WASHINGTON, Feb. 22, 2016 - New guidance from the Animal and Plant Health Inspection Service (APHIS) seeks to streamline the process of extending nonregulated status to genetically engineered (GE) organisms and products derived from known plant pests, or regulated articles.
Entitled “Extension Guidance for Developers,” the APHIS document said it anticipated the process being applicable in the following cases:
“1) Where a previously reviewed trait is introduced into different varieties of the same crop. For example, various apple varieties genetically engineered with the same non-browning trait as in one of the antecedent Arctic apple events in ‘Golden Delicious’ and ‘Granny Smith’ varieties (10-161-01p).
“2) Where traits previously reviewed separately in a particular crop are stacked into the same crop by introducing them together through genetic engineering. For example, a stacked corn line is created by introducing both a mepsps gene (previously reviewed in corn) and a cry gene from Bacillus thuringiensis (previously reviewed in corn). In this case there will be two or more antecedents.
“3) Where phenotype categories have been reviewed previously in the crop but a mechanism-of-action new to the crop has been reviewed in another crop. For example, if the hppd gene, which confers resistance to mesotrione herbicide, is introduced in corn (hppd was previously reviewed in soybean and many herbicide-resistant corn lines have been reviewed). In this case there will be two or more antecedents.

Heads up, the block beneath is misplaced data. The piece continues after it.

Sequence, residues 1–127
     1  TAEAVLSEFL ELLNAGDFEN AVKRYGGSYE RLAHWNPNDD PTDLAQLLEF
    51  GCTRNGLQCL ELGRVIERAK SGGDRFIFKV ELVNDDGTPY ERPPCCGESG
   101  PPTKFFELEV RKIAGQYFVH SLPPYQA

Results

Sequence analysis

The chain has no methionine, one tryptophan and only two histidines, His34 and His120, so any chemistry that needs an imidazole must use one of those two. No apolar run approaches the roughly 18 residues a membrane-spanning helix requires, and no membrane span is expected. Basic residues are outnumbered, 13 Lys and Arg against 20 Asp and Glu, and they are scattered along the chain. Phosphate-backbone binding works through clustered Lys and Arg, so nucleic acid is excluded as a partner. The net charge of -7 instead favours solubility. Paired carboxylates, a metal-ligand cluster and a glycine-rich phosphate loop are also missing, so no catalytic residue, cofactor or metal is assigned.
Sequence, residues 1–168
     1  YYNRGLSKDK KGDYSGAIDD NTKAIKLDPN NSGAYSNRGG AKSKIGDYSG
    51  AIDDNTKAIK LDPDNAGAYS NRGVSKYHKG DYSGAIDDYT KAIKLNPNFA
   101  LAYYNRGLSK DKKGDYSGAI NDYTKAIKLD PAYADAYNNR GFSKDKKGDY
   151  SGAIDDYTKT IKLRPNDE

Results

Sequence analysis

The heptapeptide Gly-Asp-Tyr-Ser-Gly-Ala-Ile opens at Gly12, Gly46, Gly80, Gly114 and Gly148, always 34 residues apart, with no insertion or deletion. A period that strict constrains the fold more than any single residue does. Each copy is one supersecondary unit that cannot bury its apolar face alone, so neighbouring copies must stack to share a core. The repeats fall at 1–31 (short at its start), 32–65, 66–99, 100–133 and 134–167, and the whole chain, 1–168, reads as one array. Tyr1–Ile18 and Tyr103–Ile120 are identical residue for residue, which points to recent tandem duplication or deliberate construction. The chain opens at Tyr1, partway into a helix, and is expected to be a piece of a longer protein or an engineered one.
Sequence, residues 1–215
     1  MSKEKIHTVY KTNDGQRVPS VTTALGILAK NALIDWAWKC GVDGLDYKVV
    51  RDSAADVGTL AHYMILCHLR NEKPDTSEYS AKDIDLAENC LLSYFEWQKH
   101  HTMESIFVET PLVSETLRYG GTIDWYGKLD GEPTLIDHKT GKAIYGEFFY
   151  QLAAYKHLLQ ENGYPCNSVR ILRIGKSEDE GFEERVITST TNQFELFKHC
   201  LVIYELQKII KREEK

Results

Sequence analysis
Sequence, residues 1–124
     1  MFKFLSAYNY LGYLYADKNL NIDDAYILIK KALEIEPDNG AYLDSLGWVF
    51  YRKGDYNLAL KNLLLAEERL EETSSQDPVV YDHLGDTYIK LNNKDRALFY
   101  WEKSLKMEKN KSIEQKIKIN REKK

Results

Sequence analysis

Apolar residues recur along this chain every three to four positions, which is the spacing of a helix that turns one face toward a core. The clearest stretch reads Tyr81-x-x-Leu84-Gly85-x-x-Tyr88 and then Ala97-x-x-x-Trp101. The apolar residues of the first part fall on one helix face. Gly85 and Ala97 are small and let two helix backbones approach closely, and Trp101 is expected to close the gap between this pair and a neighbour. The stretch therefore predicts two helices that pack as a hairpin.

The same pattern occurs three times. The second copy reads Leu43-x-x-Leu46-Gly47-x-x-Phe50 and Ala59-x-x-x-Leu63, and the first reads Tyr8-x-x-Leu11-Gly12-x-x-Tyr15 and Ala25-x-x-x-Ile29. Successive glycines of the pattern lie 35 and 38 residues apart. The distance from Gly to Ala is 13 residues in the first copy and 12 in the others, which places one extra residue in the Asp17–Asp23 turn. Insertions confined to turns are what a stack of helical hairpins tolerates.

The guidance said that while each of the three cases is eligible for the extension process, “the similarity of the product being considered for an extension (potential extension) to the antecedents decreases from case 1 to case 3. Consequently the timelines for review may become longer as the degree of similarity decreases.”
“There may be instances in case 3 where issues are different enough between the potential extension and the antecedent organism(s) that APHIS determines that the extension process is not appropriate and the petition process should be used. Also, because the potential extension is somewhat different, previous NEPA analyses may not be sufficient and additional analyses may be required. Nevertheless, APHIS believes that most products that meet one of the three criteria are likely to qualify for the extension process, and that the review will be completed within eight months after receiving a complete dossier.”
The Biotechnology Innovation Organization reacted favorably to the announcement by APHIS. “We are pleased that APHIS has published new guidance on the expanded use of the extension process,” BIO spokesperson Karen Batra said. “The new guidance encourages developers to use this regulatory review mechanism for faster, more predictable review of products with which APHIS already has a great deal of familiarity, while still ensuring a rigorous safety review.”
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